Wondering whether you should build an Apple TV app? Read on to find out whether it’s right for you.
The Apple TV has been around for quite some time. In fact, it was introduced back in 2007, when the very first iPhone was released.
But, unlike the iPhone, the Apple TV had a back-seat status of being more of an Apple hobby. And despite numerous incremental improvements over the years, this little black box had still not received much attention from Apple.
This all changed, however, in fall 2015. Amidst the excitement of Apple’s announcements of the new iPhone 6S and iPad Pro in September, the company finally put Apple TV in the spotlight.
The device has been reborn with an array of hardware enhancements, including a fast A8 processor. And the new Apple TV will be controlled through a cleaner interface with deep searching, a gesture-friendly remote control, and the ability to hook up gaming controllers — all powered by Siri.
But the most notable improvement is the all-new tvOS framework, which opens up the platform for the first time to third-party developers.
The first obvious category of apps we expect to see are games, and the bridge from iOS to powerful and immersive TV-room games shouldn’t be too difficult. But of course, games aren’t the only type of app well-suited to the Apple TV.
Read on to find out more about the various use cases for the Apple TV and determine if building an app for this platform is the right approach for you and your company.
Why Build an App for the Apple TV?
To answer that question, we need to look at what type of apps would be useful and engaging in the living room, sharing one big screen with your friends and family.
Games and Sports
Using controllers and a large TV screen, Apple games will become more social and inclusive — a shift from people hiding away and playing alone on their small screens.
The new platform Apple launched sets the stage for it to compete with other gaming consoles like Nintendo, XBox and Playstation.
We will see developers like EA extend their gaming offering from current iPhone and iPad games like NBA 2K16 and John Madden Football, promising a more addictive experience.
While Guitar Hero has already announced it will be building for tvOS, we expect to see many more family-oriented games (like we’ve seen on the Wii) make their way onto the Apple TV.
Apple has already demonstrated the new and improved MLB at Bat app, allowing viewers to stream live baseball games at 60 frames per second, with split-screen viewing for live video combined with full statistics.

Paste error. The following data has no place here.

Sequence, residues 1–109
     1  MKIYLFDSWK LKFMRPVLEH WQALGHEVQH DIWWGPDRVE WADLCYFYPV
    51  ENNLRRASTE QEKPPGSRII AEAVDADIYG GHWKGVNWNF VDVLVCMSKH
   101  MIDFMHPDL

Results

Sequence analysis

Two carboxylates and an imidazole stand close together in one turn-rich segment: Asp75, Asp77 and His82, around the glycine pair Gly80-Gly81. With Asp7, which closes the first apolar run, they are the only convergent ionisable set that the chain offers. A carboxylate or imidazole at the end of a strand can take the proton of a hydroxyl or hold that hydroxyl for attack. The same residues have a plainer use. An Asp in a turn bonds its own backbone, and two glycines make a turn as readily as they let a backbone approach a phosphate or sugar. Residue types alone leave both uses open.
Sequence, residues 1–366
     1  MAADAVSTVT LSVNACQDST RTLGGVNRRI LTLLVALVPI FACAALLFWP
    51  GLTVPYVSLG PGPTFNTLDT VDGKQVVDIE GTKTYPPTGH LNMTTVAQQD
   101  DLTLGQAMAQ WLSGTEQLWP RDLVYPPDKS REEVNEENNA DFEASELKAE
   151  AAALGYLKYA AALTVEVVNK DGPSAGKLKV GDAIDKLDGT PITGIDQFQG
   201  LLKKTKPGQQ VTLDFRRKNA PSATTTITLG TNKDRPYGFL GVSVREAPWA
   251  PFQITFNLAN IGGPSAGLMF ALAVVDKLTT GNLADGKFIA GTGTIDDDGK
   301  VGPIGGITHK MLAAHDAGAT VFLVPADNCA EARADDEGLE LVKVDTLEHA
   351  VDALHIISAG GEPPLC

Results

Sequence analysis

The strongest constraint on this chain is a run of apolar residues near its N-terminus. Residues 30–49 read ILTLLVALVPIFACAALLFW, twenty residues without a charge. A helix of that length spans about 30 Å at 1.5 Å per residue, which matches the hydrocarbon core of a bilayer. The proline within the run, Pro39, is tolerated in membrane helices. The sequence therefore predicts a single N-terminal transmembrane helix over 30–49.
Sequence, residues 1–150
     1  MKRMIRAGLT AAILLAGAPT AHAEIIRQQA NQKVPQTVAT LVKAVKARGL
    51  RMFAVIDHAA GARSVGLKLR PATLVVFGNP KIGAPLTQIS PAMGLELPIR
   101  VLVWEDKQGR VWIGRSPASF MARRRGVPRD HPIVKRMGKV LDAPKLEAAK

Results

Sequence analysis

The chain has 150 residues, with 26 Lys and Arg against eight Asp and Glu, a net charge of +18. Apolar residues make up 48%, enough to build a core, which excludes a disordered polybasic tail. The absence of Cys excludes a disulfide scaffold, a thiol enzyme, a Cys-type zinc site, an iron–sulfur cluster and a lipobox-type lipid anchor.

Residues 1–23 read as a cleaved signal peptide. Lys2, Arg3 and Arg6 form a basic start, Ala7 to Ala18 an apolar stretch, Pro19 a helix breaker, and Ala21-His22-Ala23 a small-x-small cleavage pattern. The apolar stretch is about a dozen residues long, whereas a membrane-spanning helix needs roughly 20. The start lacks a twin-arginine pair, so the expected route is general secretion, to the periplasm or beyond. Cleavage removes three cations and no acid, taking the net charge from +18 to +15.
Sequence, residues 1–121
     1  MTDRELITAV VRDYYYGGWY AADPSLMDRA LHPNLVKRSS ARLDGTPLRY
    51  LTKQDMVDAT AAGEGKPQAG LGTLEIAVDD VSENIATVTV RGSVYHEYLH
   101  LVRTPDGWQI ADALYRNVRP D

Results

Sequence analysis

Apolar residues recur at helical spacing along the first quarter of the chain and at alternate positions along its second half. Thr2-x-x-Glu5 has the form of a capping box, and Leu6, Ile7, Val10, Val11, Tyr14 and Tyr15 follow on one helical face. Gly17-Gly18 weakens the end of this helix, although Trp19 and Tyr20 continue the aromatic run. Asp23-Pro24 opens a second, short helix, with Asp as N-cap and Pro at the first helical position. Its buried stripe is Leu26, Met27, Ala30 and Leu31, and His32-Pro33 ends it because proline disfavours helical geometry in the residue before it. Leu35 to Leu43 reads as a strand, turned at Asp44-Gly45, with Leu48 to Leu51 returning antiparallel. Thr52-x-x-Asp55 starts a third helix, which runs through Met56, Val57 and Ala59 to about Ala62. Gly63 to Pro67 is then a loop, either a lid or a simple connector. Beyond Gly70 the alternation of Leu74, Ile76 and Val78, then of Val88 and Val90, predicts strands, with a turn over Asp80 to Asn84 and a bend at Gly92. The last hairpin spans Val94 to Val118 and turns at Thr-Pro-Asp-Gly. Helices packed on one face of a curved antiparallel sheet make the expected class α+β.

The NHL is also working on a similar experience for all of the hockey fans out there.
But the real anticipation is for any sports channel to be able to jump in with their own subscription-based live offering.
TV and Video Content
In addition to games and sports, the Apple TV is, of course, ideal for TV and video content.
Netflix and Hulu have had a presence on Apple TV for quite some time. But Apple had negotiated with these major streaming services individually, in order to make them available as channels on Apple TV.
Apple had also previously negotiated with other broadcasting partners, such as MLB and the NHL. But smaller companies and app developers were not part of the equation. This has now changed.
With the Apple TV now having its own App Store, any developer big or small is capable of showcasing their content through the tvOS platform.
Podcasters and video producers can now create their own apps and channels for the benefit of consumers.
Apple has more than 18 free TVML templates to help companies get started on their apps. These templates make the development effort relatively straightforward, requiring minimal mobile coding expertise.
The templates are also a perfect delivery mechanism for video-hosting apps, such as educational software like Lynda and Coursera, to make their way onto Apple TV.
Travel and Shopping Apps
Airbnb was one of the first partners announced for tvOS, and the company even demonstrated during Apple’s September 2015 event.
Airbnb, as well as real estate app Zillow and travel app Expedia, are a natural fit for the type of sharing environment provided by Apple TV, as they provide content that makes sense to consume communally.
Rather than emailing or texting friends and family, you can all share a large television screen in the comfort of your home and peruse holiday rentals, hotel packages, and flights all together, discussing and debating the various options.
E-commerce retailer Gilt has also demonstrated a compelling experience for using Apple TV for shopping.